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The Mystery of Antimatter

One of the big questions lingering about our universe is why there is so much more matter than antimatter.
One of the big questions lingering about our universe is why there is so much more matter than antimatter. (Image credit: GiroScience /

At the beginning of time, just moments after the Big Bang, numerous particles came into existence; at the same time, an almost equal number of antiparticles appeared. These subatomic exotics are nearly identical to their ordinary particle kin, but differ in some key ways. When matter and antimatter meet, the two annihilate one another, which means that the dawn of the universe included a spectacular microscopic fireworks display. 

Antimatter is sort of like a mirror to ordinary matter, having the same mass but an opposite charge. Neutrinos, which have no charge, are thought to be their own antiparticles, although experiments have yet to confirm this theory. Along with being created shortly after the Big Bang, antimatter can arise from a wide variety of nuclear processes, and can exist for a short time in any of the particle accelerators worldwide. 

Since the beginning of time

Antimatter first came to researchers' attention in 1928, when British physicist Paul Dirac was looking at solutions to an equation that describes the movement of an electron traveling near the speed of light. 

"Just as the equation x^2 = 4 can have two possible solutions (x = 2 or x = −2), so Dirac's equation could have two solutions, one for an electron with positive energy, and one for an electron with negative energy," according to the European Organization for Nuclear Research's (CERN) history of antimatter

Dirac realized that the negatively-charged electron should have an opposing partner with a positive charge. These positive electrons, or positrons, were discovered a few years later by physicist Carl Anderson at the California Institute of Technology, who was studying highly energetic cosmic rays from space that strike the Earth's atmosphere, producing a shower of other particles. Anderson witnessed, in his particle detector, something with the same mass as an electron but with a positive charge.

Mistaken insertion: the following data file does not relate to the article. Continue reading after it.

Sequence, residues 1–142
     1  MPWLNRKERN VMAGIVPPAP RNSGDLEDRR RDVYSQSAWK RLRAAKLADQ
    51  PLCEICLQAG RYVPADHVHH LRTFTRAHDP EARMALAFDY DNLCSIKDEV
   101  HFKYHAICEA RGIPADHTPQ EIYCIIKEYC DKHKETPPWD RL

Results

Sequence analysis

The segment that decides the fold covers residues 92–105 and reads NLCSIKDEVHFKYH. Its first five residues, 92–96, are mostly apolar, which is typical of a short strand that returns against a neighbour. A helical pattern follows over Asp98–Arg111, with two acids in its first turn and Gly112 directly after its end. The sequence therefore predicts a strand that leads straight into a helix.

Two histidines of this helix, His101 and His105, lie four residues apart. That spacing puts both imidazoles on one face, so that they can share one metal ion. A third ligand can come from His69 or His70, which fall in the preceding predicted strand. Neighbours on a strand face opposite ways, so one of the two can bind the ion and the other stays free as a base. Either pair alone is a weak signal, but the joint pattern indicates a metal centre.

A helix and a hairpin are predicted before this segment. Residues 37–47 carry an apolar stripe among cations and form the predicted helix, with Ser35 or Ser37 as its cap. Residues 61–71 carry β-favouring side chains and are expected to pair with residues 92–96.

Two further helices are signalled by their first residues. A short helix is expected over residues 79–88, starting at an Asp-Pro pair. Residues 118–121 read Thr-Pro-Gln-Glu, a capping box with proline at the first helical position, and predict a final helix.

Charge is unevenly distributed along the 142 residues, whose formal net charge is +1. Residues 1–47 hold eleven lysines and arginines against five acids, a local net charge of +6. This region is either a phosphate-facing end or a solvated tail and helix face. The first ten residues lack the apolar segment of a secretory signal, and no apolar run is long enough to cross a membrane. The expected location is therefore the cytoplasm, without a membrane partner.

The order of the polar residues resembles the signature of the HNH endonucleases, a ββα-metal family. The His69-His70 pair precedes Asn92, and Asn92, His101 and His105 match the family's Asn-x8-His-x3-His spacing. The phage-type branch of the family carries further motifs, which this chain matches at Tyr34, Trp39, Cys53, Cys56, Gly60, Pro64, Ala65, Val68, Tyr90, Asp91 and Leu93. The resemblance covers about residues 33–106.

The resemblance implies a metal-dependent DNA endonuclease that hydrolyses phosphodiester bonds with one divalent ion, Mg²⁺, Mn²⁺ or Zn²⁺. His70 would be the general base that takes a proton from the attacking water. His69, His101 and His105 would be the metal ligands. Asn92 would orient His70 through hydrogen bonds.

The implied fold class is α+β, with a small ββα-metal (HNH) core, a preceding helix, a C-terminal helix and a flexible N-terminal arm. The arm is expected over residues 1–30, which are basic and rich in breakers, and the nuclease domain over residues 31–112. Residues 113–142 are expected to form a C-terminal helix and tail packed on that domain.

Dirac was awarded the Nobel Prize in physics in 1933 for his discovery; Anderson's research won him the prize in 1936. In his acceptance speech, Dirac speculated that perhaps the Earth just happened to be composed of matter but that there could be stars made of antimatter lurking out in the universe. 

But when astronomers train their telescopes out into space, they don't see antimatter stars nor any large pockets of antimatter anywhere in the cosmos. The reason for this lack and the fact that the universe seems to be comprised entirely of particles and not antiparticles, was called "one of the great mysteries in physics" in a 2012 paper in the New Journal of Physics.

Researchers calculated the weight of an antiproton, a finding that could shed light on the puzzle over what happened to all the antimatter that was created in equal proportion to matter in the Big Bang. Here, tracks of particle collisions in CERN's Large Hadron Collider, create conditions just moments after the Big Bang.  (Image credit: CERN)

A persistent mystery

In 2018, scientists were even more perplexed when they made the most precise measurement of antimatter to date and found that antimatter and matter behave nearly identically. The finding suggests that particles and their opposites should have been created in equal numbers at the beginning of the universe; however, if true, the fact that matter prevails over antimatter is ever more difficult to reconcile.

Researchers are diligently seeking the factor that explains the dominance of matter over antimatter in our cosmos. Calculations suggest that just after the Big Bang, when particles and antiparticles annihilated one another, there was a slight imbalance in their numbers. Less than one in every billion ordinary particles survived the melee and went on to form all the matter around us today. But why?

Scientists worldwide are working to determine if a neutrino acts as its own antiparticle, which would have allowed a small fraction of neutrinos to transition from antimatter to matter at the universe's inception. In this scenario, a slight matter imbalance would have existed back then. 

Antimatter has been created and sustained in small quantities in particle-physics laboratories. Some research teams have gone so far as to create antiprotons, and drive them around in a van so that physicists at CERN could transport them to a nearby facility. 

Readers of Dan Brown's book "Angels and Demons" (Pocket Books, 2000) — which (spoiler alert) involves a plot to blow up the Vatican using antimatter — might worry about such experiments. But worry not: If CERN scientists took all the antimatter they ever created and annihilated it with matter, they would barely have enough energy to light a single electric light bulb for a few minutes, according to a website FAQ from the CERN laboratory.

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Adam Mann
Adam Mann is a journalist specializing in astronomy and physics stories. His work has appeared in the Wall Street Journal, Wired, Nature, Science, New Scientist, and many other places. He lives in Oakland, California, where he enjoys riding his bike. Follow him on Twitter @adamspacemann.

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